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Roku IPO Doesn’t Disappoint

28 Sep, 2017 By: Erik Gruenwedel


Streaming media pioneer’s stock price closes up 68% on first day of trading


Roku’s Sept. 28 initial public offering (IPO) attracted myriad investors eager to get in on the ground floor of a company that helped co-invent the subscription streaming video market with Netflix 10 years ago.

Los Gatos, Calif.-based Roku’s projected $100 million investment ballooned to more than $220 million, making the company's value on paper around $1.3 billion. Company shares, which were valued at $14 per share prior to the IPO, closed at $23.50, with more than 39 million shares exchanged.

Notably, earlier this year Roku failed to generate more than $200 million from private investors — despite valuing the company at $1.5 billion.

But with the SVOD market a global phenomenon, underscored by Roku’s market share leadership, and high-profile competitors Google Chromecast, Amazon Fire TV and Apple TV, among others, investors jumped at the opportunity.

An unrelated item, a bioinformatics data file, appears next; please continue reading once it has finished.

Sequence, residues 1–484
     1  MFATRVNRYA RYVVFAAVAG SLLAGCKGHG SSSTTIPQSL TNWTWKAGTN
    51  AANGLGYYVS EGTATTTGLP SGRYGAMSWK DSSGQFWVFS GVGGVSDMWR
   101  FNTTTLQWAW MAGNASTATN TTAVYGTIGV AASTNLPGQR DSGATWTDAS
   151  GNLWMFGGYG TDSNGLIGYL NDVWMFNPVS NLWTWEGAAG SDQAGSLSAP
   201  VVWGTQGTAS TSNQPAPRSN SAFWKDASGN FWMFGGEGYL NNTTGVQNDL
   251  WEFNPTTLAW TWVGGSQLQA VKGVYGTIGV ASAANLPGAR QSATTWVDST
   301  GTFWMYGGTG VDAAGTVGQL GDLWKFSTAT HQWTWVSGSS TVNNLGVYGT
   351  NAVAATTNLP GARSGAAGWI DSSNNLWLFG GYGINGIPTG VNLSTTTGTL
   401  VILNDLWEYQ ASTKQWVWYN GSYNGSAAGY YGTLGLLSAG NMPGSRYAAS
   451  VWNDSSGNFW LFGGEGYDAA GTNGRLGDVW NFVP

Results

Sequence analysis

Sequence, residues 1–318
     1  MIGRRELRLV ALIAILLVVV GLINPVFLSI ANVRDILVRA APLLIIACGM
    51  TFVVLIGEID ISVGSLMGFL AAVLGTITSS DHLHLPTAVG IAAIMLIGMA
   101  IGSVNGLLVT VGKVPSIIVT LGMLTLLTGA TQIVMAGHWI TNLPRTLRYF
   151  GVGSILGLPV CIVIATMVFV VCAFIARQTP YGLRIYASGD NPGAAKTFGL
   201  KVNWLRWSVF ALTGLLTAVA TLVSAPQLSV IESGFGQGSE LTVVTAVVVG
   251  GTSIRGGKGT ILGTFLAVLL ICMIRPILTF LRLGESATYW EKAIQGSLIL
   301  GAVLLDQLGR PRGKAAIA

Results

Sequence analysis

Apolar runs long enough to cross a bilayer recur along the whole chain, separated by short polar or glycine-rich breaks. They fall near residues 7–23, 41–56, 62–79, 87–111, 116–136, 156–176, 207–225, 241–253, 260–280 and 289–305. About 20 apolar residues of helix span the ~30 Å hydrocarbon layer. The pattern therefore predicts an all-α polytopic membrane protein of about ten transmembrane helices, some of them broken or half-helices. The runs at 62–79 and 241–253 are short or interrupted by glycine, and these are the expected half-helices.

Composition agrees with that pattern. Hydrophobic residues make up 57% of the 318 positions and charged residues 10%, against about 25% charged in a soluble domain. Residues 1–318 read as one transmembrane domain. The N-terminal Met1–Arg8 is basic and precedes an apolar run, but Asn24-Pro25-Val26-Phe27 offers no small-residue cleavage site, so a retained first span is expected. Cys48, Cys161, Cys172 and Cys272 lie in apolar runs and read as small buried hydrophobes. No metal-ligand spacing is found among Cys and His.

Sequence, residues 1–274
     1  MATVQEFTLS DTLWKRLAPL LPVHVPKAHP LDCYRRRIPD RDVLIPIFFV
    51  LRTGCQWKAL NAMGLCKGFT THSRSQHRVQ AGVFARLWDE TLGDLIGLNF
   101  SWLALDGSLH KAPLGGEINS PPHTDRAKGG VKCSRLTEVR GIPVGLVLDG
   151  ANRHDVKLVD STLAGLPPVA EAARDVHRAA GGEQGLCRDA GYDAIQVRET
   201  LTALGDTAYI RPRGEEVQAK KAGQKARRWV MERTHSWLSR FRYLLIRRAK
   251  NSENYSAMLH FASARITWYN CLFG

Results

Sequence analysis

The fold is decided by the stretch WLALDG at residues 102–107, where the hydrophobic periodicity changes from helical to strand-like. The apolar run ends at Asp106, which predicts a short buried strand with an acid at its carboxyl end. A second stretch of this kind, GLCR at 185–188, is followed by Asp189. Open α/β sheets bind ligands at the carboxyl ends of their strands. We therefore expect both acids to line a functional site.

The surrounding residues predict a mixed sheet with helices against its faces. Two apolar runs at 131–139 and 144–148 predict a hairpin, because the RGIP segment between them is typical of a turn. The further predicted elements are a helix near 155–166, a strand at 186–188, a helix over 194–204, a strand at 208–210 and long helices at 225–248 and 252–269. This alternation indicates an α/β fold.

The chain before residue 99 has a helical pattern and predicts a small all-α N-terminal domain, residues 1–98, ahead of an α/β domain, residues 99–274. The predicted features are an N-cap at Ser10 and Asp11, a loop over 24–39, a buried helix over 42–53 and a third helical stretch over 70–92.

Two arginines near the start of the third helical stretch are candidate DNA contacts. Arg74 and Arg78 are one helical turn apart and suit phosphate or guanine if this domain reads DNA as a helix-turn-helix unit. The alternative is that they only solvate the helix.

“What’s important in the evolution of the company is the platform business is becoming a greater and greater portion of Roku,” CFO Steven Louden told MarketWatch. “It’s now 80% of our gross profit and I think it’s great proof-point for investors about really what the Roku business model is about.”

Roku, which lost $24.2 million through the first six months of the fiscal year on revenue of $199.7 million, generates revenue through advertising, revenue-sharing agreements with content holders and subscriptions acquired through third-party SVOD services.

“[Licensing fees are] probably the place that has the most significant revenue recognition around it,” Louden said. “Our licensing fees — we have multiyear deals with TV brands as well as service operators through our Roku Power program. We actually have almost $70 million in deferred revenue on the balance sheet, which is a lot of value.”


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